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Books in Singapore: New reads, from Singapore Street Names to Middle Eastern recipes

We review the best books out in Singapore this month…

You say you don't know every street in Singapore by heart? 

Singapore Street Names

Victor R Savage & Brenda S A Yeoh

Marshall Cavendish | 432 pages

Here’s a book that, much like its title, doesn’t beat around the bush. A brief preface and then wham! – straight into a comprehensive A-to-Z of almost every street in Singapore, with a description of how each one got its name.

Not for everyone, then, but history and trivia buffs will love it, and aside from the many roads, parks, streets and avenues that are named very simply after places in the UK and therefore don’t have much of a story to tell, the entries are interesting.

Desker Road, for instance, was named after Andre Filipe Desker (1826-98), who moved to Singapore from Malacca in 1840. He was one of the first butchers on the island; “Today,” add the authors, “Desker Road is associated with the ‘flesh trade’ of another kind, being synonymous with Singapore’s red light area.”

Elsewhere, you’ll learn that Newton Circus used to be referred to by Tamils as ethumuchandi, meaning “the eight-junction place”; that the neighbourhood of Punggol comes from the Malay word for “hurling sticks at the branches of fruit trees to bring them down to the ground”; and of the former existence of a small hill near the Padang, which became known as “Scandal Point” because it was a gathering place for evening gossip.

If you collect books about Singapore, this one’s well worth adding to the pile.

Shamus Sillar

The tale of Rose Chan, also known as the "Queen of Striptease" 

No Bed of Roses: The Rose Chan Story

Cecil Rajendra

Marshall Cavendish | 279 pages

The “Queen of Striptease”, Rose enthralled male audiences in the heyday of cabaret in 1950s Malaya. She’d been born in Soochow, China; sold into an unhappy marriage in Singapore at the age of 16; worked at Geylang’s Happy World cabaret as a dance hostess; became a beauty queen and top ballroom dancer; formed a travelling dance revue company; then turned into Asia’s No. 1 stripper, famous for her raunchy dancing with pythons.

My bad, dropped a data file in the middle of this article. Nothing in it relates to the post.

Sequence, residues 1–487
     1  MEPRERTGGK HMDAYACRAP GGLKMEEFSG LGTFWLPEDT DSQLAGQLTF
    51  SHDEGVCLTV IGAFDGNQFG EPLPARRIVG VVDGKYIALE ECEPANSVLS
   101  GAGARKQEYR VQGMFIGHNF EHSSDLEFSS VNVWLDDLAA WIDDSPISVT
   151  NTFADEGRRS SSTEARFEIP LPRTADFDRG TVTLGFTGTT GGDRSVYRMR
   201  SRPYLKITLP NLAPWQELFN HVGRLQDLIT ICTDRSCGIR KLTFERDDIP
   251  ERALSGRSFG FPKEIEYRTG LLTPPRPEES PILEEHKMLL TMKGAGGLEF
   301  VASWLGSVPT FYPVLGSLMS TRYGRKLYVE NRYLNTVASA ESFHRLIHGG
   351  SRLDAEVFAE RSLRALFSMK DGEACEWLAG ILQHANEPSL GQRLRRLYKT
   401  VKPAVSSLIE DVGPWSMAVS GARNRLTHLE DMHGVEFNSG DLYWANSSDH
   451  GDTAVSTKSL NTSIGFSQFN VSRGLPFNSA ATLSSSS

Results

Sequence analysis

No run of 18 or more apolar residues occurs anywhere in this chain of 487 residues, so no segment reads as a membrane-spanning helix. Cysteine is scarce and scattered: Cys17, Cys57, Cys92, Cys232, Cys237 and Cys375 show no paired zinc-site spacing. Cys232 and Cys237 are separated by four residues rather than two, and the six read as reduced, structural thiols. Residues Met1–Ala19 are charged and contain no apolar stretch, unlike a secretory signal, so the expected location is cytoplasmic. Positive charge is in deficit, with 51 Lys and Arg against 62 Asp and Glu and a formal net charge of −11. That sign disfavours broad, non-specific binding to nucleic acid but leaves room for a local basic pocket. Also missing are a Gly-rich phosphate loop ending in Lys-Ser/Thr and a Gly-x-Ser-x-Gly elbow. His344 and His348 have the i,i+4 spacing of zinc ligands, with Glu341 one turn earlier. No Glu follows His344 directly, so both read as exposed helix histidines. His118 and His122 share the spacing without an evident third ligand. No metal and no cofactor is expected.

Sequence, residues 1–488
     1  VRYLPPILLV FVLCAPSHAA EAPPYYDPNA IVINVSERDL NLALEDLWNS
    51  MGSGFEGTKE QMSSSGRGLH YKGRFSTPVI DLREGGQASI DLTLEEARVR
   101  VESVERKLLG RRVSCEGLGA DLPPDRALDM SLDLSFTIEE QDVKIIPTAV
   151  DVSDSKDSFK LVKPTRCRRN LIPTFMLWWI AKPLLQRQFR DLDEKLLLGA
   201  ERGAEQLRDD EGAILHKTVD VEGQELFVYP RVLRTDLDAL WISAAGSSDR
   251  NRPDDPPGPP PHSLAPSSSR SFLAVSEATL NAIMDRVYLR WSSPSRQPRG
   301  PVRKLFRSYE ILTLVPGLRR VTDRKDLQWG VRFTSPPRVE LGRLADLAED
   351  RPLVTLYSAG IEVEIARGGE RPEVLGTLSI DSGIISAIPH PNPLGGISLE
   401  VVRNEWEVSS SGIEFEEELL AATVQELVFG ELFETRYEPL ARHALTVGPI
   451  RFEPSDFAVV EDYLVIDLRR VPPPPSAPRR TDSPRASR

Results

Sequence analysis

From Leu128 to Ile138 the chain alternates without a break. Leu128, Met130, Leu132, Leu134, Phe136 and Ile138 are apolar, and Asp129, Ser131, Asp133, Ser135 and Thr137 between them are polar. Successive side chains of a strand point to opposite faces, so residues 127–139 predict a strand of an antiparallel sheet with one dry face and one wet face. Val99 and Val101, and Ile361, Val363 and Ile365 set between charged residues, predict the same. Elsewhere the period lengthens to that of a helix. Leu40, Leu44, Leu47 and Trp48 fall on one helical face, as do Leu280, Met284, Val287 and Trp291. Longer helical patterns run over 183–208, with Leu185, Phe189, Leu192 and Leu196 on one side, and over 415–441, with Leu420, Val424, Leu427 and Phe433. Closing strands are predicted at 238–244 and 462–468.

Initially, I thought I’d merely flip through No Bed of Roses, but it had me by the first page. Malaysian author Cecil Rajendra is a practising lawyer, inspirational poet and human rights activist. As Rose Chan’s confidant in the years before her death in 1987, he has come up with a most unusual format for this biography.

From Rose’s deathbed, he looks back at her life through a mix of conversations, reminiscences, and mini-plays detailing true-life encounters such as a court-case and a live sex show. Weirdly, this is a very practical book, too. Rose was an acclaimed cook who loved to entertain, and Rajendra has given us a number of her favourite recipes, including a number for aphrodisiacs.

What’s more, he generously shares Rose’s advice for improving sexual performance. Women learn how to isolate, strengthen and separately employ their rings of vaginal muscles in such a way as to “keep errant husbands happy, at home, in bed”. Men are taught how to prolong lovemaking by controlling ejaculation, ensuring that their partner “will always be overflowing with bliss”. That’s got to be at least worth a try!

Verne Maree


Step-by-step Cooking – Middle Eastern

Hayedeh Sedghi

Marshall Cavendish | 120 pages

Subtitled “delightful ideas for everyday meals”, this attractive cookbook succeeds in making Middle Eastern fare accessible to anyone who’s reasonably proficient in the kitchen.

Expat Hayedeh Sedghi,was born and raised in Shiraz, Iran. When her husband’s career brought them to Singapore in 1989, she was determined to recreate the food of her motherland. Though some important ingredients were difficult to find, through trial and error she found alternatives that did the trick.

In her introduction, she explains what goes into a typical Iranian meal – a rice dish, a couple of stews (or a soup and a stew) and a salad or two. Many of the dishes are slow food, gently simmered for a long time to preserve texture and enhance flavour; you need to set aside at least two hours for preparation, she advises.

I love the liberal use of legumes such as dried kidney beans, chickpeas and Puy lentils, together with plenty of aromatic herbs and leaves. Locally available substitutions are suggested where necessary: in the traditional noodle soup, for example, she proposes kishimen (flat Japanese wheat noodles) in place of the original Iranian reshteh. Best of all, the colourful photographs look just like the food that my Iranian-American friend’s mother cooked for us when we visited them in California last year.

A new cookbook should have you itching to get to market, and that’s what this one did for me. On my list? Glossy-black aubergines for the baked aubergines with garlic and egg; a nice whole snapper and a couple of bunches of cilantro for the fried herb-stuffed fish; minced lamb for kebabs.

I’ll need to make just one substitution of my own, though: a gas barbecue instead of the real-deal charcoal fire. More’s the pity.

Verne Maree


And for the kids…


The Usborne Picture Book Gift Set

Usborne Publishing

Stuck for gift ideas for younger kids? This picture book gift set of 20 classic stories, neatly presented together in a hardcover slipcase, could be just the ticket. Old favourites such as Alice in Wonderland, Little Red Riding Hood and The Emperor’s New Clothes are simply retold, alongside colourful images from a selection of wonderful illustrators with varying styles, from the whimsical to the bold. This weighty collection makes an impressive gift – one that both nostalgic adults and enchanted boys and girls will treasure.

Beate Baldry